The nuclear-arms reduction treaty between the United States and Russia cleared a key hurdle in the Senate on Tuesday as Senators voted by a significant margin to advance the bill for a final vote.

Closing out debate on a bill or treaty, as the Senate did by a margin of 67-28 on Tuesday, is often seen as a proxy vote for the final count to decide on passing the measure. The Senate is required to ratify treaties negotiated by the President. At least 60 votes were needed to moved the bill forward without the threat of a filibuster.

Senate majority leader Harry Reid, D-NV said on Tuesday that he was encouraged that a number of my Republican colleagues have joined us to support the treaty.

I am hopeful that when the Senate votes tomorrow on ratification, we will send a powerful statement about America's commitment to non-proliferation with a strong bipartisan vote, he said.

Top Republican Senators -- Mitch McConnell, R-KY and John Kyl, R-AZ, had voiced their opposition to the bill in recent days. In comments yesterday, McConnell said the treaty should not have been decided under the pressure of a deadline to pass it before the end of the current session of Congress and objected to the flawed nature of the verification procedures to ensure proper counts of nuclear weapons.

Debate on the bill, which included discussions about information which could compromise national security if made public, took place in a closed-door secret session late Monday.

Sen. John Kerry, D-MA, chairman of the Foreign Relations committee, said Tuesday that as a result of the vote we are on the brink of writing the next chapter in the 40-year history of wrestling with the threat of nuclear weapons.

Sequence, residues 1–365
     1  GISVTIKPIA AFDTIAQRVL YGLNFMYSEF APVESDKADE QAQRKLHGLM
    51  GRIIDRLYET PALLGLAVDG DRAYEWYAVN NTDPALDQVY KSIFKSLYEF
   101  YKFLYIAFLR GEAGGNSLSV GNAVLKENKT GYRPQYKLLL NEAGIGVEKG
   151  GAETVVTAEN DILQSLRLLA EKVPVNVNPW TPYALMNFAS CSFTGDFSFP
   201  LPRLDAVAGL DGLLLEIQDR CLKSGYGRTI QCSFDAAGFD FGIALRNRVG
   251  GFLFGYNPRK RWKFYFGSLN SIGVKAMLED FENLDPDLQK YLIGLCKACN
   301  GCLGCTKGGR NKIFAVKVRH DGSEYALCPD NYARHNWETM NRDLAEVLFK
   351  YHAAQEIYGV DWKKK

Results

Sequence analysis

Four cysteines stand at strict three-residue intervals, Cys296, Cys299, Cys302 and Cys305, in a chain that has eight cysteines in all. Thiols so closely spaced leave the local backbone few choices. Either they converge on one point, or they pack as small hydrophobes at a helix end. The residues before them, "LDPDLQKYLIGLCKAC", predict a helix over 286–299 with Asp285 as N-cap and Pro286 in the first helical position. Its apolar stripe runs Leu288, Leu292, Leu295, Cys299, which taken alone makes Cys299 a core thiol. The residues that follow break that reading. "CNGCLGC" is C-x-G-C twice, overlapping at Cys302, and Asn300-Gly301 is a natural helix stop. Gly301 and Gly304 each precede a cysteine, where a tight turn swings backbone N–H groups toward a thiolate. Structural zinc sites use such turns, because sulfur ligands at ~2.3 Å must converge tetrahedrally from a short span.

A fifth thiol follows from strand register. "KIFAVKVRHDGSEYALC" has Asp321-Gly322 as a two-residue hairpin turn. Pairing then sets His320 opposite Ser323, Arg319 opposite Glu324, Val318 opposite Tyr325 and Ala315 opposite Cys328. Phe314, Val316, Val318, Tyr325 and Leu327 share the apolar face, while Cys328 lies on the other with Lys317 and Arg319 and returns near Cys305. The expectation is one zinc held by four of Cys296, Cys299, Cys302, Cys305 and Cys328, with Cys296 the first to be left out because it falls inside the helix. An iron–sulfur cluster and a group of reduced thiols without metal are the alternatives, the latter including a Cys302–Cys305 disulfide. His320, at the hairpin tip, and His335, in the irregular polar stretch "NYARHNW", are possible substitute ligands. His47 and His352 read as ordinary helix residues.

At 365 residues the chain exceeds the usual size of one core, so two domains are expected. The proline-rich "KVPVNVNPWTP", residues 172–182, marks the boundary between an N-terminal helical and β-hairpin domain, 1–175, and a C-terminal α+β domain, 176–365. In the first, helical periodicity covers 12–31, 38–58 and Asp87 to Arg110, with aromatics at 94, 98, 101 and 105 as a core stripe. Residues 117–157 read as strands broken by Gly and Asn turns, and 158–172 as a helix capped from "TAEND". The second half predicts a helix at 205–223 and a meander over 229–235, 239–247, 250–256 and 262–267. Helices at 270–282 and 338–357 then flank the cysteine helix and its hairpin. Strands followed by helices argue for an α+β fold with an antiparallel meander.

He expressed confidence in ratifying the treaty saying that all will see a victory for common sense and the Senate act in its best traditions.

Kyl in a speech on the floor of the Senate on Monday, said that with various high profile votes on other bills taking place during the last several weeks, Reid was trying to jam all of them through the Senate. He had urged consideration of the measure in the next Congressional session as well.  

According to Kerry, the U.S. and Russia currently have more than 90 percent of the world's nuclear weapons.

According to the new treaty, each side would be allowed 1,550 deployed warheads, 700 deployed delivery vehicles, and 800 deployed and non-deployed launchers. A deployed weapon is one that is ready for use, and a non-deployed launcher is one that is part of a test or training facility.

If the new START is approved and goes into effect, it will lower the nuclear arsenals in each nation by roughly 30 percent from the last agreement.

Experts say that lowering arsenals - thus cutting down on the possibility of an accident or a terrorist organization obtaining a deadly weapon -- is only one of the ways the treaty makes the world a safer place.